Perhaps more than any other major, Sociology embodies Cornell’s tradition of “… any person … any study.” Sociology allows you to follow your own interests in the social world, wherever they may lead.
As a recent graduate told us:
“I valued being able to learn about the kinds of things that people don’t often take the time to think about, like power dynamics, domestic violence, drug abuse, and health disparities.”
Sociology courses at Cornell provide a strong foundation in sociological theories, research, and methodological tools, including quantitative and qualitative analyses of surveys, experiments, networks, temporal sequences, or historical or archival data. The conceptual tools of sociology are used to study social behavior and social change at many different levels of analysis, including individual actions or speech, people, schools, firms and organizations, social networks, neighborhood or spatial communities, and nation states.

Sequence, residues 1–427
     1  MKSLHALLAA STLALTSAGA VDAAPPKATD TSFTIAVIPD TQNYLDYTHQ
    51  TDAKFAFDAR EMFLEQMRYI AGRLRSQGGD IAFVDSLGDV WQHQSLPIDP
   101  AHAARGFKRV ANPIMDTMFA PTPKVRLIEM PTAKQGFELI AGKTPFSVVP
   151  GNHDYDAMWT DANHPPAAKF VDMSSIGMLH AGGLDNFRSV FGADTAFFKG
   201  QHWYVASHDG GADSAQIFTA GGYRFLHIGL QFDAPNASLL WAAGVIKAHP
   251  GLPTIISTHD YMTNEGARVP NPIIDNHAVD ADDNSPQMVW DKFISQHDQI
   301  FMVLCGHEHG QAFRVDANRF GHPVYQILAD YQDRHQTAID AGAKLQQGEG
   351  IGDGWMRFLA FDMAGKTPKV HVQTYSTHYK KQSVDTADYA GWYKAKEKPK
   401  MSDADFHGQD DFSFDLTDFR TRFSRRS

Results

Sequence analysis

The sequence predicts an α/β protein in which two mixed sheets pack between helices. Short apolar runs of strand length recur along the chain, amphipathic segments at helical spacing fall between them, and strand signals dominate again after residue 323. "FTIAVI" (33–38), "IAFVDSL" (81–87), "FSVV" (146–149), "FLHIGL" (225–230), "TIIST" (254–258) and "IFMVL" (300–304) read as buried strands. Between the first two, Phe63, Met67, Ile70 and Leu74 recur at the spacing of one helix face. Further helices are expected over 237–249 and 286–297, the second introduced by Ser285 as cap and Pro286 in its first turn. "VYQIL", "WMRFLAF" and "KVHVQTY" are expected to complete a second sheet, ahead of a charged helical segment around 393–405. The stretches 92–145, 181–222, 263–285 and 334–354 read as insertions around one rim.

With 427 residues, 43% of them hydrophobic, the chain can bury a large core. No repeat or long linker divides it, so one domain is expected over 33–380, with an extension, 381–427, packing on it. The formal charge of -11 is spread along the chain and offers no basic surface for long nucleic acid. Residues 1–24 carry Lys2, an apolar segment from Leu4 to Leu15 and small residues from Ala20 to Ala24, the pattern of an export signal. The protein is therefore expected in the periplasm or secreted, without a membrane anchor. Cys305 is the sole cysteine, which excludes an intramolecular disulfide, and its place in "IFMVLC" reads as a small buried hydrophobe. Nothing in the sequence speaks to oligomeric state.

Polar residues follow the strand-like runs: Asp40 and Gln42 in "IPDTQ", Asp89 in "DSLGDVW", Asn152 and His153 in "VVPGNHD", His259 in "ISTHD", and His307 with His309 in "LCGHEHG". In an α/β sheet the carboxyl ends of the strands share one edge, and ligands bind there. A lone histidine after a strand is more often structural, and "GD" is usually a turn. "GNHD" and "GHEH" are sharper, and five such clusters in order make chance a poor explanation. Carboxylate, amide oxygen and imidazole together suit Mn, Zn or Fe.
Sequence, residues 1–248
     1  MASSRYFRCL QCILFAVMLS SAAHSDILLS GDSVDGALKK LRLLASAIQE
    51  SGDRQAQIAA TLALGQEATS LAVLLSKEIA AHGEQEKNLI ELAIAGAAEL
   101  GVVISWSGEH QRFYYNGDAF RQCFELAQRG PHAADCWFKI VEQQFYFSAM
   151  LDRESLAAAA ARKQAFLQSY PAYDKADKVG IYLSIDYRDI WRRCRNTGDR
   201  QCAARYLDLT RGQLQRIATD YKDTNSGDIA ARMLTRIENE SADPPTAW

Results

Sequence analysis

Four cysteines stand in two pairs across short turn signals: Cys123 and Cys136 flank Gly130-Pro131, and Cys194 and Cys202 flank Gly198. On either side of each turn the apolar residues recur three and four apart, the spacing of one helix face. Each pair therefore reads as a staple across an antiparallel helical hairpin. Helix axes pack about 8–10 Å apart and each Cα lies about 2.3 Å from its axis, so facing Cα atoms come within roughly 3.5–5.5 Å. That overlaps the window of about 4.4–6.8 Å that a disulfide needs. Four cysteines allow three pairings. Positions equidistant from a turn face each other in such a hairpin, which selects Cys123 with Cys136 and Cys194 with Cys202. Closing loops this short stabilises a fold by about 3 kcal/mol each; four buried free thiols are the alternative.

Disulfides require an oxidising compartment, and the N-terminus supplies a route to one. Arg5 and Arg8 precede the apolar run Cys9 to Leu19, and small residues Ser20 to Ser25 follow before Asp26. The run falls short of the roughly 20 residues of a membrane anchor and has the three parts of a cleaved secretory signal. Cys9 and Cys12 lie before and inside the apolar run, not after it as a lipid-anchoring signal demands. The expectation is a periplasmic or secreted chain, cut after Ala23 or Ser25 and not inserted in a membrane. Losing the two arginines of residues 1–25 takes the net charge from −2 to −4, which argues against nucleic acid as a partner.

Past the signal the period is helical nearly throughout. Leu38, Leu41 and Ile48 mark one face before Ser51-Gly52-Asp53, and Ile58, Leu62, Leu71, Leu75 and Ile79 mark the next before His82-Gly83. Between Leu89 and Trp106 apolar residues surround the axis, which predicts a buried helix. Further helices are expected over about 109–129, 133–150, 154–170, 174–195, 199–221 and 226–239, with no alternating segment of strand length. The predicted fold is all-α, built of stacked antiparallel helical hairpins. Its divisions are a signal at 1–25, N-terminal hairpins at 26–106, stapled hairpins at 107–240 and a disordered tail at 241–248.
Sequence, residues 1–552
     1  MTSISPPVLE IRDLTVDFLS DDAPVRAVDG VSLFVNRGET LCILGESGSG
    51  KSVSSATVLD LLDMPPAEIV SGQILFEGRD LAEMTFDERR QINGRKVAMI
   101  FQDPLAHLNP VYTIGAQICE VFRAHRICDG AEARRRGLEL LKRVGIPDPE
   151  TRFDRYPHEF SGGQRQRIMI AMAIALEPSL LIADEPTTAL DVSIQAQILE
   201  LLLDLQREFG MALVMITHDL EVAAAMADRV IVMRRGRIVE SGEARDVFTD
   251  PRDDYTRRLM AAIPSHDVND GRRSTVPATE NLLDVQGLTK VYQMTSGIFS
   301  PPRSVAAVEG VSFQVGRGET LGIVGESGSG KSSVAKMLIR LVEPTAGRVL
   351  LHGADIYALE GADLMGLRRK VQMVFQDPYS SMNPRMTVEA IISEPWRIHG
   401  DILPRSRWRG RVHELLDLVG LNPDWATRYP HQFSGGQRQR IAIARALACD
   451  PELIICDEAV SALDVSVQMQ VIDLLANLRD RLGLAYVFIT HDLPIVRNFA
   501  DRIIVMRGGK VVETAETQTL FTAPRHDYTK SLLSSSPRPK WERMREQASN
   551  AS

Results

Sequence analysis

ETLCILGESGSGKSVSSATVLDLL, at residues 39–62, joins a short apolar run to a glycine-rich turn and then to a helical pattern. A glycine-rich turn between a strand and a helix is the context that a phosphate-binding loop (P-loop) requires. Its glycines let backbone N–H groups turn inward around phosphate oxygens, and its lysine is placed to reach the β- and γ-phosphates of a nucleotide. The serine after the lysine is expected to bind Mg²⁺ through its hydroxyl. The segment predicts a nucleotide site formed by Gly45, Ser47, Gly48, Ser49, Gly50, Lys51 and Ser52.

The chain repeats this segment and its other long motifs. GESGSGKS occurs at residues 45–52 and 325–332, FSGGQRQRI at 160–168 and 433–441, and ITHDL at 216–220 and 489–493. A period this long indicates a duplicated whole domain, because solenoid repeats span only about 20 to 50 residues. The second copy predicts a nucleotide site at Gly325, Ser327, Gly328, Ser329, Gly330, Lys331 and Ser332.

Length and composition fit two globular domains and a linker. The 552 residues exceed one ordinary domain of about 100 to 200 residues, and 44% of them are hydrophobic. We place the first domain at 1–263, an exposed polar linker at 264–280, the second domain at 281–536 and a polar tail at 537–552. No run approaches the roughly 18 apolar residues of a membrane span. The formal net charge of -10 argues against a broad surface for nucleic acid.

What unites sociologists is our commitment to developing a rigorous, systematic, and evidence-based understanding of how our social context affects our behavior and, how our collective behavior creates social institutions and patterns within society.
The sociological perspective and research methods give our majors a unique ability to analyze the social world. A recent graduate told us: